In veterinary medicine, with patients that cannot articulate how they may be feeling, we do not always get a clear and concise history from the owner, as the owner is often uncertain where the specific problem may be coming from. It is one thing if there are definitive observations that the owner of the sick pet conveys to us – limping, coughing, sneezing, vomiting, diarrhea, seizure, etc. – but another matter altogether when the pet is just not acting itself but the owner cannot put his or her finger on exactly where the issue may be emanating from. These are the cases we refer to as “ain’t doing right,” or ADR.
As rudimentary and poor diction as ADR may seem, this is a term we are not only taught in medicine course work in veterinary school, but also a term we readily used in rounds while rotating through the teaching hospital on our way to become doctors. Interns, residents, and clinicians all commonly use the ADR medical history description, so it logically follows that as practitioners we use the same terminology.
Whatever one may think of ADR, it is a common history that we get from the owners who are so in tune with their pets’ every nuance, that even though there may not be a specific clinical sign to report, they just know in their hearts that something is just amiss with their pets. And in the vast majority of cases, they are proven most correct. In addition, when owners go against their instinct that something may be wrong but dismiss it as their own tendency to be neurotic about their pet getting the best of them and subsequently do not have the pet seen, serious or deadly consequences can result.
Last week, a lady brought her boxer in because she just was not herself; she was eating, defecating, and urinating normally, just generally dull and less perky. This boxer’s very nice owner was being self-deprecating, telling me that he was likely just being an over-protective, neurotic mom. It was a classic ADR case, where she had nothing to tell me other than her dog was just not herself.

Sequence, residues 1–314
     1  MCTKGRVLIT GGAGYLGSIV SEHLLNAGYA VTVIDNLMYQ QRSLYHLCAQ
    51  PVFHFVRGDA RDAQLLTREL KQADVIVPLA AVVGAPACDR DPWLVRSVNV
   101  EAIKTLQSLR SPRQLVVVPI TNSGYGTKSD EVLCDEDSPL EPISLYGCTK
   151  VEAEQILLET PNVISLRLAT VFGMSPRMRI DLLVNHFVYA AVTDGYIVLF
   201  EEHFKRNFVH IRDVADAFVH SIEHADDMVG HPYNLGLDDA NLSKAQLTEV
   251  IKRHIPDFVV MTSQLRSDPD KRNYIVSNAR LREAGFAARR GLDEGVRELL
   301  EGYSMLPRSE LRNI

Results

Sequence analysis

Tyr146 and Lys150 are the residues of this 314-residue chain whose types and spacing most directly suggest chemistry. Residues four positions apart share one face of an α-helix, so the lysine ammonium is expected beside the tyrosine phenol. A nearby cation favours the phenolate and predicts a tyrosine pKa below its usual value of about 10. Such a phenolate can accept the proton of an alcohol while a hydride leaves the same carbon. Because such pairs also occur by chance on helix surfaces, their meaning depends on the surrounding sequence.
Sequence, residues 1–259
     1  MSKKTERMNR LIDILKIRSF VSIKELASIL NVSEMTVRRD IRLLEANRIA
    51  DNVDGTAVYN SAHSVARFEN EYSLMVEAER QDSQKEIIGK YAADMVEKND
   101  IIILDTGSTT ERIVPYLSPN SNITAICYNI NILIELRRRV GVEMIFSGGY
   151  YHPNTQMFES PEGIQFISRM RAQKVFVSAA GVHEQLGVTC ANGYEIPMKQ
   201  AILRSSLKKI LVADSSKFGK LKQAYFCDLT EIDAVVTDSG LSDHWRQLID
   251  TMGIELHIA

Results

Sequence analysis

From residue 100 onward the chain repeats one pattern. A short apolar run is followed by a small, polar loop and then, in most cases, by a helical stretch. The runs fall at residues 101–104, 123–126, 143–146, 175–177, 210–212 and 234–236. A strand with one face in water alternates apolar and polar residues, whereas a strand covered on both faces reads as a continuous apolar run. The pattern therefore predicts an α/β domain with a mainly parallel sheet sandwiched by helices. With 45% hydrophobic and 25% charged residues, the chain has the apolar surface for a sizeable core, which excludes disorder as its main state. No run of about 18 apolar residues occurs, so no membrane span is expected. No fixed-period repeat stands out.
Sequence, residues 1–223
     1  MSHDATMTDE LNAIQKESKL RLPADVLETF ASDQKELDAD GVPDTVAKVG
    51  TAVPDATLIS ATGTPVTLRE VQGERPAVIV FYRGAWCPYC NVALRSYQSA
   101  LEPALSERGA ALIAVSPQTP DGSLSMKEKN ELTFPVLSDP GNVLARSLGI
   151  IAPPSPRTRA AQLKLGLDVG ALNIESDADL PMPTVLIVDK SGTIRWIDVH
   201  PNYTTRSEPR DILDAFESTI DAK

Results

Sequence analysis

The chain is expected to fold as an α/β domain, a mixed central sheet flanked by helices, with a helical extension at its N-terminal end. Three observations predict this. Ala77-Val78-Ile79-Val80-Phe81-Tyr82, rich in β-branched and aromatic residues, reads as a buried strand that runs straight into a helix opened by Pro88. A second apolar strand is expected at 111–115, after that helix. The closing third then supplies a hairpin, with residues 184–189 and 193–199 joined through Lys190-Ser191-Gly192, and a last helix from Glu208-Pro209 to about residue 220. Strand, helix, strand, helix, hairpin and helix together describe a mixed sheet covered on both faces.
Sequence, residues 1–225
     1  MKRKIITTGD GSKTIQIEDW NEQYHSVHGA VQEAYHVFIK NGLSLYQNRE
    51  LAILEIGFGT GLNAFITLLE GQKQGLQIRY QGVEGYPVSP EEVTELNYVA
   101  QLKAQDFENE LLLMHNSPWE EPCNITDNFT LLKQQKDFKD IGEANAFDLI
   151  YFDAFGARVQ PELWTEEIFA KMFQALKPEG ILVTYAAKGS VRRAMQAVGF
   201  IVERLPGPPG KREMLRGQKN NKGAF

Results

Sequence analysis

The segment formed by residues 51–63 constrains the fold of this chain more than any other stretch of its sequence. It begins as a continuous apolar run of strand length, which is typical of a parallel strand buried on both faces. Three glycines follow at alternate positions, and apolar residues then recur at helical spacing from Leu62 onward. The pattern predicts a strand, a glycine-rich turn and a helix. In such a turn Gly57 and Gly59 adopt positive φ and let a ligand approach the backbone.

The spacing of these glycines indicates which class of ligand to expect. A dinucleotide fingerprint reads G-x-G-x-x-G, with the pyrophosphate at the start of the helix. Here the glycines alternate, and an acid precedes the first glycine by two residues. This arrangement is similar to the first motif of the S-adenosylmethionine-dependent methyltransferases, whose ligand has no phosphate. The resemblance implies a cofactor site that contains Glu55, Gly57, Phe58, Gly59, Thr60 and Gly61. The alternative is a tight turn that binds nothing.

On examination, I noted distension in the abdomen that concerned me. 2 x-rays and an ultrasound later, we discovered that the dog had a large tumor on her spleen. The next morning, we performed surgery to remove the spleen and the dog recovered without incident. The mass turned out to be a blood vessel based tumor that is very aggressive and very prone to bursting and hemorrhaging, a circumstance that could lead to death within minutes. Having brought her dog in on her ADR hunch saved her dog’s life.
As animals, our furry children’s innate instinct is to hide signs of pain and illness to keep from showing weakness. In the wild, weakness displayed gives other animals the opening to try to steal food or encroach on territory. Taken in combination with the inability to articulate in words how they are feeling, sometimes as pet owners, all we have to go on is that there is something off about our pet. If in doubt, have your pet seen by a veterinarian, as taking action based on ADR can often be the difference between life or death for our patients.
Dr. Roger Welton is the President of Maybeck Animal Hospital and CEO/Chief Editor of the veterinary information and blog online community, Web-DVM.
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